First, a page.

...scientists from the University of Auckland and Victoria University of Wellington, both in New Zealand, found that ritual sacrifice may have spurred the transition of small, egalitarian societies to large, stratified ones. The study examined 93 traditional Austronesian cultures (speakers of a family of languages in parts of Africa, Asia and Oceania).Why Some Societies Practiced Ritual Human Sacrifice (New York Times)
They looked at whether and how these cultures used ritual sacrifice — 40 of them practiced it — and how it affected social organization. The cultures were then divided into groups: egalitarian, moderately stratified and highly stratified. They were defined by the presence or absence of social hierarchy, and the rate of social mobility.
The scientists found, perhaps not surprisingly, that human sacrifice contributed to creating and preserving social hierarchies, and that it increased the chances that societies would have more fixed strata, which were inherited positions, and less mobility. It also generally helped prevent loss of social divisions once they existed.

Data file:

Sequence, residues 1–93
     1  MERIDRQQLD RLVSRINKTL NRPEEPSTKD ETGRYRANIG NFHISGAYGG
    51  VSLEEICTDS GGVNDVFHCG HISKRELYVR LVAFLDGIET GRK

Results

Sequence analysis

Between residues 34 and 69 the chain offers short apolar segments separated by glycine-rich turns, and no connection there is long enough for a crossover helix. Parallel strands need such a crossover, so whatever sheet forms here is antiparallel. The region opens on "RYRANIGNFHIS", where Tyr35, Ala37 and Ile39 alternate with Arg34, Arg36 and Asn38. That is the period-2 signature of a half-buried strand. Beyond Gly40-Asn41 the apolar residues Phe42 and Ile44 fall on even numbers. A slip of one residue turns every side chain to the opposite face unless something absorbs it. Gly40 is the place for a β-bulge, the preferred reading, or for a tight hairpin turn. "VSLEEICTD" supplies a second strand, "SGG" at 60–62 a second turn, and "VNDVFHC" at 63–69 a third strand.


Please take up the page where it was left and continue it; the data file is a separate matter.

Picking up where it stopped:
Despite its barbaric nature, human sacrifice was a useful tool for rulers, elites, and religious figures to maintain or cement their power, or even to proclaim their own divinity.
In these cultures, human sacrifice — usually of slaves or others with low status — was sometimes called for in response to several events, including the breaking of taboos or customs, the funerals of important people, or the consecration of a new house or boat, according to the authors.
HS is one ancient practice that always confuses people. It's like ancient people thought,"Hey, let's just all get together and kill somebody, and that will fix everything!" (drought, war, famine, etc.). It seems incomprehensible to us today. I would, however, point out that our human sacrifices are called "layoffs" and are somewhat less deadly (the effects being delayed and all).